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Subject: RE: [docbook-apps] Show off what you've done with Docbook



I started my IT career working with IBM mainframes.


Mainframers live in a parallel upside down universe where simplicity is complexity and the more you need to know about something the more worthy it is of your admiration.


When I first started selling software I learned the hard way that most people “IT professionals” don’t know how to open a command prompt. So if it isn’t as easy as their iPhone to use you don’t make a sale.


To make matters worse, most people are incapable of understanding a manual, even if you have one and it is well written. So in the end, as a software vendor you need to have:


1.       Support people to do the work for the 70% of people who can’t do it for themselves even with a manual.

2.       YouTube videos for the 15% of people who would rather watch a How-To video than read a manual.

3.       A manual in web, PDF and hardcopy for those who insist on having a manual (who are the other 15% + some of the people above).


Other people might be seeing different things, but this is my experience.


The end result is that written manuals are only there for about 1 in 7 of my customers, and completely irrelevent to the others.


Do they teach people doing IT/Technology at University how to write documentation (or did they ever)?


If they do teach them, what platforms are they taught about?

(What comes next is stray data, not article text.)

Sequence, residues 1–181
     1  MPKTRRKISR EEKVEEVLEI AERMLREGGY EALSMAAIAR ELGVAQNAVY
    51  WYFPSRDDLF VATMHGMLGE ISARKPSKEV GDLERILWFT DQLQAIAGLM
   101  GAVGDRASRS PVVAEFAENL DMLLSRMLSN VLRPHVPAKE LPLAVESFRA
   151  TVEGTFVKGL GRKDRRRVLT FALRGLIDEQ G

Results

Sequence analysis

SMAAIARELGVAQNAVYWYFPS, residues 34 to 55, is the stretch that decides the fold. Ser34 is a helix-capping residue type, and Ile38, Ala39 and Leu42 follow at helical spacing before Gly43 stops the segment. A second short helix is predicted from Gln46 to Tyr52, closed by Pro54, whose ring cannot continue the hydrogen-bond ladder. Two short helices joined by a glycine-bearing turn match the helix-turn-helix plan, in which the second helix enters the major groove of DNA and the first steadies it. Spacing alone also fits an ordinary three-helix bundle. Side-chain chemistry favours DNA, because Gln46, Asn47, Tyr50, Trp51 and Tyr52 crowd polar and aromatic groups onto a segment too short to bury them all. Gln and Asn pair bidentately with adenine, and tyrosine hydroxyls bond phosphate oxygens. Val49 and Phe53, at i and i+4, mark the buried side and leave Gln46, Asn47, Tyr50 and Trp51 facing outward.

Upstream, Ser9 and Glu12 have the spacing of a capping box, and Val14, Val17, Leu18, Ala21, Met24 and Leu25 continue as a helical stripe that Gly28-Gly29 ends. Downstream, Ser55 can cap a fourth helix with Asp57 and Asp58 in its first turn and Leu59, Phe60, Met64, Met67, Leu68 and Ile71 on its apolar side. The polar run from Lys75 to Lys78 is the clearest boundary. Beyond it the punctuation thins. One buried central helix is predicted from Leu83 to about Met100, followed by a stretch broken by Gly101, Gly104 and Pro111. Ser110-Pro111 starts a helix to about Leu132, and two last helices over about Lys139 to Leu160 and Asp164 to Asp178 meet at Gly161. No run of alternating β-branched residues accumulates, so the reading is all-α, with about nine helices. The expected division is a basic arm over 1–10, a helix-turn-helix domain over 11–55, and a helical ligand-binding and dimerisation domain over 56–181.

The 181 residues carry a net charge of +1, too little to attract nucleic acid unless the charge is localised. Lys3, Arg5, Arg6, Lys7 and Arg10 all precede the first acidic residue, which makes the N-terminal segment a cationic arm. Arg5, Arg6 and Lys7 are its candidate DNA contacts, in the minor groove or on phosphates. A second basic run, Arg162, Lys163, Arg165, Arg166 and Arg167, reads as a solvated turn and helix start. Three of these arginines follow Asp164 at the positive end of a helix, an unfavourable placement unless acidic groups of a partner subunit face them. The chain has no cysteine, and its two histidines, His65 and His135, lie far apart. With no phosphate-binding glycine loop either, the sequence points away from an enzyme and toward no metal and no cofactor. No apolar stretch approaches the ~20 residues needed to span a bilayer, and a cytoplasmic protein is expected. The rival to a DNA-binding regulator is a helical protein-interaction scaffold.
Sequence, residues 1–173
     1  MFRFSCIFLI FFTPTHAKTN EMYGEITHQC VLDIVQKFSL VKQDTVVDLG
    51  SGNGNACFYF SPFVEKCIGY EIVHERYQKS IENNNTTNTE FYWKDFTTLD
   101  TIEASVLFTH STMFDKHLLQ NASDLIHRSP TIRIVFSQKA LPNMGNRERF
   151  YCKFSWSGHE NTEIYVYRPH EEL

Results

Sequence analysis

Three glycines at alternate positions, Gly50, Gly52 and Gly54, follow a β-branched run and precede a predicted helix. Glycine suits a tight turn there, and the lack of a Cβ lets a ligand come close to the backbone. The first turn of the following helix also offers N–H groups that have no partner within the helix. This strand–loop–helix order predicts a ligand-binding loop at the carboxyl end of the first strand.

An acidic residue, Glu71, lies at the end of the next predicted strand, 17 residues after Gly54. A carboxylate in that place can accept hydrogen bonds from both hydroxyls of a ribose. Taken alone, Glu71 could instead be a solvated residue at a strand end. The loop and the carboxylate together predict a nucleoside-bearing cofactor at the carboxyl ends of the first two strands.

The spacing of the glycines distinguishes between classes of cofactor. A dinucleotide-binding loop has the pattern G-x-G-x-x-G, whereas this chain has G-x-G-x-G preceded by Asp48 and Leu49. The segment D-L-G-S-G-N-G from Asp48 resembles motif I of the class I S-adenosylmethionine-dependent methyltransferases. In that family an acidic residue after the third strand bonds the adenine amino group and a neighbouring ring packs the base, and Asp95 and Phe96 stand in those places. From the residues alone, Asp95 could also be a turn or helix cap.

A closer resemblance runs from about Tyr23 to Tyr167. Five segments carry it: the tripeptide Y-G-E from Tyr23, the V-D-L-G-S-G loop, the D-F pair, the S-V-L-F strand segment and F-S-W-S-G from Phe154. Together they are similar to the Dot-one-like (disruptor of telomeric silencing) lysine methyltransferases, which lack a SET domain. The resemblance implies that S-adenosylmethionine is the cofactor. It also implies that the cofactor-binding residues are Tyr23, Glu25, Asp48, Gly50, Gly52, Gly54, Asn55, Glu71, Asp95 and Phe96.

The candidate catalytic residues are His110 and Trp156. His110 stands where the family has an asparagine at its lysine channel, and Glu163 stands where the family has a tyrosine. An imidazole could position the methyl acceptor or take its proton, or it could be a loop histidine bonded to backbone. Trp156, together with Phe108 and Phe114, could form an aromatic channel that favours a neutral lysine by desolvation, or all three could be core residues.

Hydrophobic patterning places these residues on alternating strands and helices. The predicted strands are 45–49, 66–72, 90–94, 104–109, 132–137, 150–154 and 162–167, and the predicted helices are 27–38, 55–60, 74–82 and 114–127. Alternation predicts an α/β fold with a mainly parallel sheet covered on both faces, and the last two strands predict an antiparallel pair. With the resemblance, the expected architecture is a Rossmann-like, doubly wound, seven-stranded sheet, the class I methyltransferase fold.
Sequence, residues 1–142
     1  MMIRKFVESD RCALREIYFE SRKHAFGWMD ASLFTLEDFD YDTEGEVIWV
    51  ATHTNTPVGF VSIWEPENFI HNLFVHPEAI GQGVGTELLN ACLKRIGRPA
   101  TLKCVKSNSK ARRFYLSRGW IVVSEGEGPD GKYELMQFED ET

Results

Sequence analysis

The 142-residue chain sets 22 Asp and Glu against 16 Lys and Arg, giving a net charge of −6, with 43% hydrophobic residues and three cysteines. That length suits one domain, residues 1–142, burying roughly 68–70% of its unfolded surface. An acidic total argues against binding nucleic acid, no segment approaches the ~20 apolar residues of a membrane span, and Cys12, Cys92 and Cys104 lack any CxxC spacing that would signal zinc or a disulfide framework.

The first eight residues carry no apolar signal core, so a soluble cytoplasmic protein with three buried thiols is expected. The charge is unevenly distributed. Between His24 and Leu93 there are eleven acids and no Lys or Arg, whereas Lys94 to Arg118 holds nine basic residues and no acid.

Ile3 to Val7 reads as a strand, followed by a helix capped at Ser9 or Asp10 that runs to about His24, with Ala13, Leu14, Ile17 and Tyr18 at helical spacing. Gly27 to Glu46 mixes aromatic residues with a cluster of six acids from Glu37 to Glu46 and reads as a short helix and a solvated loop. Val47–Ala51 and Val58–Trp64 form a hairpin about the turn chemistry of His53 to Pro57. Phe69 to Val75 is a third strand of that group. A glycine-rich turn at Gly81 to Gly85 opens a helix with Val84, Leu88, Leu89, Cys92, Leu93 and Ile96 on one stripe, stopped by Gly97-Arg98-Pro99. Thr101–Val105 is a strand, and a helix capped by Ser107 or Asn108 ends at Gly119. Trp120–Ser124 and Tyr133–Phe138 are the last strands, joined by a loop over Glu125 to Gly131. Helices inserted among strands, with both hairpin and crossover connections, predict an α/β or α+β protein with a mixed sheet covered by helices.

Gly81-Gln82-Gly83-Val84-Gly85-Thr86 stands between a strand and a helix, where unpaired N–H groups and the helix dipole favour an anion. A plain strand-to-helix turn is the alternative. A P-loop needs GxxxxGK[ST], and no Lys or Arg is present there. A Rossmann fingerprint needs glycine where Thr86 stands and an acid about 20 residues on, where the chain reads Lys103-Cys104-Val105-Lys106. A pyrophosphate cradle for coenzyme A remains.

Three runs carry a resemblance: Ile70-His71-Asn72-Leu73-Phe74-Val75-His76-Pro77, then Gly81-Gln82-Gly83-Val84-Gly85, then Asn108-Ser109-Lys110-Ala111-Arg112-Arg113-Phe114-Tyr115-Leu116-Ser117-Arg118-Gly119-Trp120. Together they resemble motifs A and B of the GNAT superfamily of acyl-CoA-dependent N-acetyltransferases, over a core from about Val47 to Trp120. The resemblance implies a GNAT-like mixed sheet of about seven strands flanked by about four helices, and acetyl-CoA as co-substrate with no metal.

From: Katie Welles [mailto:katie@inkwelle.com]
Sent: Sunday, September 13, 2015 10:12 AM
To: docbook-apps@lists.oasis-open.org
Subject: Re: [docbook-apps] Show off what you've done with Docbook


Gerard's points 1 and 2 are quite valid.

Setting up my DocBook toolchain was quite the graduate course in frustration. I wrote up notes about how I set it up here: http://www.millermattson.com/blog/docbook-toolchain/, mostly so I could do it again years later after forgetting! 


And my client wanted quite a few customizations, so I had to delve very deeply into the XSLT which is an intricate tapestry of spaghetti. I ended up with a pretty intense customization chain, but even then, there were some nits I was never quite able to figure out. If I can find those notes I’ll post those on my blog, too.

I still say that the power of DocBook is not in its ability to create documents, but in its ability to output a document **and** HTML from the same source. But when 
i worked with it, we only generated HTML. And for all the monumental hassle of dealing with the toolchain + tortuously laboring in the XSLT, to just get a simple HTML site at the end was sad: I could have created something so much nicer in just straight HTML +CSS!


I've seen some pretty nice documents in this thread, but not so many HTML-plus-PDF pairs of documents (although I have yet to sit down and look at all the responses to this thread yet).  I think a nice looking document is fine — but it is a nice-looking document **paired with** navigable HTML is the real win.

The HSA Foundation specs, PDF and HTML, were output from a single data source.  http://www.hsafoundation.com/html/HSA_Library.htm   We used Madcap Flare for this project, which is a fantastic tool with a price tag and learning curve which IMHO removes it from consideration outside of the corporate setting. So I’m still looking… and I’m not sure DocBook will cure this ill...


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